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1 January 2018 Financial Analysts Journal

The Unexpected Tax Benefits of Shorting (Summary)

  1. Phil Davis

This In Practice piece gives a practitioner’s perspective on the article “Taxes, Shorting, and Active Management,” by Clemens Sialm and Nathan Sosner, published in the First Quarter 2018 issue of the Financial Analysts Journal.

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What’s the Investment Issue?

While headline investment performance usually compares pre-tax returns, the priority for most investors is after-tax returns. 

Short selling is often discounted by US individual investors for this reason. It is perceived to be tax-inefficient compared with holding assets for a longer term, because capital gains on shorter-held positions generate high levels of tax under the US federal tax system—43% versus 24% in the 2015 tax year.

The authors investigate whether taking short positions can enhance the opportunities for taxable quant investors to realize capital losses, which can reduce the tax burden of the overall portfolio. Under US tax laws, losses generated by short sales are considered “short-term” losses, which can offset short-term gains within a portfolio.

The authors also assess whether short selling can help a portfolio outperform across different market environments. That is, they examine the extent to which short selling can create capital losses when there are few losses from the portfolio’s long positions to offset taxes.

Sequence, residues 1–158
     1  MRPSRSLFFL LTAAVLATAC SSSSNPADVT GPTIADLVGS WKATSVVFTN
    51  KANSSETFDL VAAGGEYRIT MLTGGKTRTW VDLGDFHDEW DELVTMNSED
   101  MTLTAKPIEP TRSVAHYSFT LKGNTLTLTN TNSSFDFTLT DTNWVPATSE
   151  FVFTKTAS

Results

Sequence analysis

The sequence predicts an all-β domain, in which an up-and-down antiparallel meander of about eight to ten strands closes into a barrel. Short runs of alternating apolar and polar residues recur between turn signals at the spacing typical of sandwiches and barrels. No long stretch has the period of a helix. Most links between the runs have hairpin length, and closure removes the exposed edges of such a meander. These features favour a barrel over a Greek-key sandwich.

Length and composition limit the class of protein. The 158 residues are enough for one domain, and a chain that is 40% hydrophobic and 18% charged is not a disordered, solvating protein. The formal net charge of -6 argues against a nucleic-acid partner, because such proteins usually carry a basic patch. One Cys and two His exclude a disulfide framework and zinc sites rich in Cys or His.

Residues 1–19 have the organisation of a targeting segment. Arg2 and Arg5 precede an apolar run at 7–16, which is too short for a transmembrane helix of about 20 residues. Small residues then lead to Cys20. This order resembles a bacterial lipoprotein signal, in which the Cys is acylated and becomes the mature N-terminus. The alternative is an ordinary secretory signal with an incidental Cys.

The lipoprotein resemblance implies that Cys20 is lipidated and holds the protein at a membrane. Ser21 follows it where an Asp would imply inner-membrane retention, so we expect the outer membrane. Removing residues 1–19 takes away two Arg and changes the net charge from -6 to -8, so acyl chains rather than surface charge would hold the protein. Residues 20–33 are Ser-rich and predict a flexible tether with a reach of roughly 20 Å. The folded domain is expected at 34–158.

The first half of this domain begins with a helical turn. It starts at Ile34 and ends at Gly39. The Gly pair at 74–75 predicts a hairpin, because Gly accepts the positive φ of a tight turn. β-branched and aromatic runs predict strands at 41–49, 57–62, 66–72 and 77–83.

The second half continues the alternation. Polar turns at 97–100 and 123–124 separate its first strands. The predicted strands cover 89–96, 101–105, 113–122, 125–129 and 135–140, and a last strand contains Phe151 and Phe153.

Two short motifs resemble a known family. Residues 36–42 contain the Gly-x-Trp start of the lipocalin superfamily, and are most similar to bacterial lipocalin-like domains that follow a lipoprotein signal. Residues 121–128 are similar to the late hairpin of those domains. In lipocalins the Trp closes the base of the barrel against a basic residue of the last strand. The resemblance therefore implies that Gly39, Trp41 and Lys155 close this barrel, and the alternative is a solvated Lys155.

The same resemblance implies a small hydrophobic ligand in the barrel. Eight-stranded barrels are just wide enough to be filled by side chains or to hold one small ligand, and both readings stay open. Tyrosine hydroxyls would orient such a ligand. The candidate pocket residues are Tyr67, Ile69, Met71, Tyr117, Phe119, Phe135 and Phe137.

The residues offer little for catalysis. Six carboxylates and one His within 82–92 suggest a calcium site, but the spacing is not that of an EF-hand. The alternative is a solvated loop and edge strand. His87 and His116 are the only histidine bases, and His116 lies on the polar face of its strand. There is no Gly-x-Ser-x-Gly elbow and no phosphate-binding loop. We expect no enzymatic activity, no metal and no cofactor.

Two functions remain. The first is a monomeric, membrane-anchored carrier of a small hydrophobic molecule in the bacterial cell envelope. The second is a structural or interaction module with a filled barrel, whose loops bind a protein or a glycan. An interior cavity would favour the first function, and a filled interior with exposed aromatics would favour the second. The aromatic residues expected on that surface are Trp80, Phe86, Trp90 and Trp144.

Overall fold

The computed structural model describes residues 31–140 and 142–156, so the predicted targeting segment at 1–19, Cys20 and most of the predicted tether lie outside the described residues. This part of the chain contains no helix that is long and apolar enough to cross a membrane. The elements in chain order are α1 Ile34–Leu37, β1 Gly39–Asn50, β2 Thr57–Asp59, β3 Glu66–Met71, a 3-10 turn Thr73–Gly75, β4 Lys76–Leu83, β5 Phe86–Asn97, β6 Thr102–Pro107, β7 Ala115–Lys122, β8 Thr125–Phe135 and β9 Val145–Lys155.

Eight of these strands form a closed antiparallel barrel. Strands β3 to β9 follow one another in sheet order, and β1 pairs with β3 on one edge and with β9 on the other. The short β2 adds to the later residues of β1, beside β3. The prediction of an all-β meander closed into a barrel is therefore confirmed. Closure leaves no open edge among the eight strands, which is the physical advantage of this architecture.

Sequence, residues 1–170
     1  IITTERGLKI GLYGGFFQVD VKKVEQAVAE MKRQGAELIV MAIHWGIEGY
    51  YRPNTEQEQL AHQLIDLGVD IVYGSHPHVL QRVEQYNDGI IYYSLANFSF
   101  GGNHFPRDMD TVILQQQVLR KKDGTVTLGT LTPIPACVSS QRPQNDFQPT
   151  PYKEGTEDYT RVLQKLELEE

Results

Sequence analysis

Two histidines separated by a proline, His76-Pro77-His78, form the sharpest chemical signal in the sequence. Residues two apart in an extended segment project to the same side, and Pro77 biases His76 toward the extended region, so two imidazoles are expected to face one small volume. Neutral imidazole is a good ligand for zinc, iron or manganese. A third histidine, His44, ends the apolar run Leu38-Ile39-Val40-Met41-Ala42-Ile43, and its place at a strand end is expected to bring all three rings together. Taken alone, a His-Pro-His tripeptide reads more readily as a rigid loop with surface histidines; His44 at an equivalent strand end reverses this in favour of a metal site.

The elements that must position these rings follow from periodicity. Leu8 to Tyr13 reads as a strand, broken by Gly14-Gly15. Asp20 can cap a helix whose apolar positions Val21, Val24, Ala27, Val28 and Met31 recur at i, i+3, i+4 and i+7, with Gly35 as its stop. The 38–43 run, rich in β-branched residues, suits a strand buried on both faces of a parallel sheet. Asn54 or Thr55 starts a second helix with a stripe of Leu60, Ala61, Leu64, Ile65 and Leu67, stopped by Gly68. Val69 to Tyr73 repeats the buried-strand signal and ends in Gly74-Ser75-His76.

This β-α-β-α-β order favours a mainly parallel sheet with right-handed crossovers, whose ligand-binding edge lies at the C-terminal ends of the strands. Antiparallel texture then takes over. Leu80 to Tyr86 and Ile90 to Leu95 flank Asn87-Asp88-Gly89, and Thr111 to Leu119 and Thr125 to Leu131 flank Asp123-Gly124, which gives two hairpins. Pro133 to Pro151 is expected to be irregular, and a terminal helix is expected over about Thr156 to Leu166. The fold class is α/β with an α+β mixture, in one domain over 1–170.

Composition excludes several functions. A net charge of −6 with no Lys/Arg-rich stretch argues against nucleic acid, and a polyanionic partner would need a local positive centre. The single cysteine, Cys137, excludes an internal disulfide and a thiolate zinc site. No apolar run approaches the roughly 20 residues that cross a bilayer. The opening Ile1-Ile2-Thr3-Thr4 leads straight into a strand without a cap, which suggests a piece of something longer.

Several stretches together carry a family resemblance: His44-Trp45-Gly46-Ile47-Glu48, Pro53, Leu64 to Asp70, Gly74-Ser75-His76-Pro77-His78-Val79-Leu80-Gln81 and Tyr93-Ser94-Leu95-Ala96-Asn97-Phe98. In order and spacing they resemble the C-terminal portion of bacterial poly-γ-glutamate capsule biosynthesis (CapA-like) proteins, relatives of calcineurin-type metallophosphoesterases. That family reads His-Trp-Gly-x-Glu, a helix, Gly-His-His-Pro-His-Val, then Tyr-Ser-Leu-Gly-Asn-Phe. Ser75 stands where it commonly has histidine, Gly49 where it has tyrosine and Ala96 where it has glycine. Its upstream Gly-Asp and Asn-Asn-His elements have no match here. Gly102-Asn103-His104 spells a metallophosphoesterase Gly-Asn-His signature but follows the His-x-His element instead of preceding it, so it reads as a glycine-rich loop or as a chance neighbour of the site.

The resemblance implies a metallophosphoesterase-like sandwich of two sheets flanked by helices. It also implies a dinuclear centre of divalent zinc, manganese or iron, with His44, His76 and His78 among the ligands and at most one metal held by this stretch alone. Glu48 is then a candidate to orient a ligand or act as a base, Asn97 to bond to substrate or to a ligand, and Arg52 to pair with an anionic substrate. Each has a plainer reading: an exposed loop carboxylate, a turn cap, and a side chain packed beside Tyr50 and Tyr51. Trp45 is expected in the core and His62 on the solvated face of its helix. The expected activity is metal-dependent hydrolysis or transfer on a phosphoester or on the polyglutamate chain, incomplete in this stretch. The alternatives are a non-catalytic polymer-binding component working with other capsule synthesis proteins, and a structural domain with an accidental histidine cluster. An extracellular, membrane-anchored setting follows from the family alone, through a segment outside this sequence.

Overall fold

How Do the Authors Tackle the Issue?

Using weightings equal to value and momentum as the portfolio strategies, the authors compare tax-aware quantitative portfolios with tax-agnostic portfolios. They use these strategies because value and momentum have proved robust over time, are negatively correlated, and have differing tax dynamics.

A tax-aware investor is defined by the authors as one who seeks to balance pre-tax returns against the tax costs of portfolio trading, with the aim of maximising after-tax returns. Tax awareness is implemented in the study by the systematic deferral of capital gains and the acceleration of capital losses. Tax-agnostic strategies, however, seek purely to maximise pre-tax returns.

The authors create and compare three portfolios: long only, relaxed constraint, and long–short. Returns from each portfolio are calculated from 1985 to 2015 on both a tax-agnostic and a tax-aware basis.

The portfolio weights of the securities in the long-only strategy add up to 100%. In the relaxed-constraint portfolio, some short selling is permitted; the 130/30 relaxed-constraint portfolio has long positions of 130% and short positions of 30%. Both the long-only and the relaxed-constraint strategies have betas similar to that of the Russell 1000 Index. In contrast, the combined weights of the long–short portfolio are zero, and the portfolio is market neutral compared with the Russell 1000.

What Are the Findings?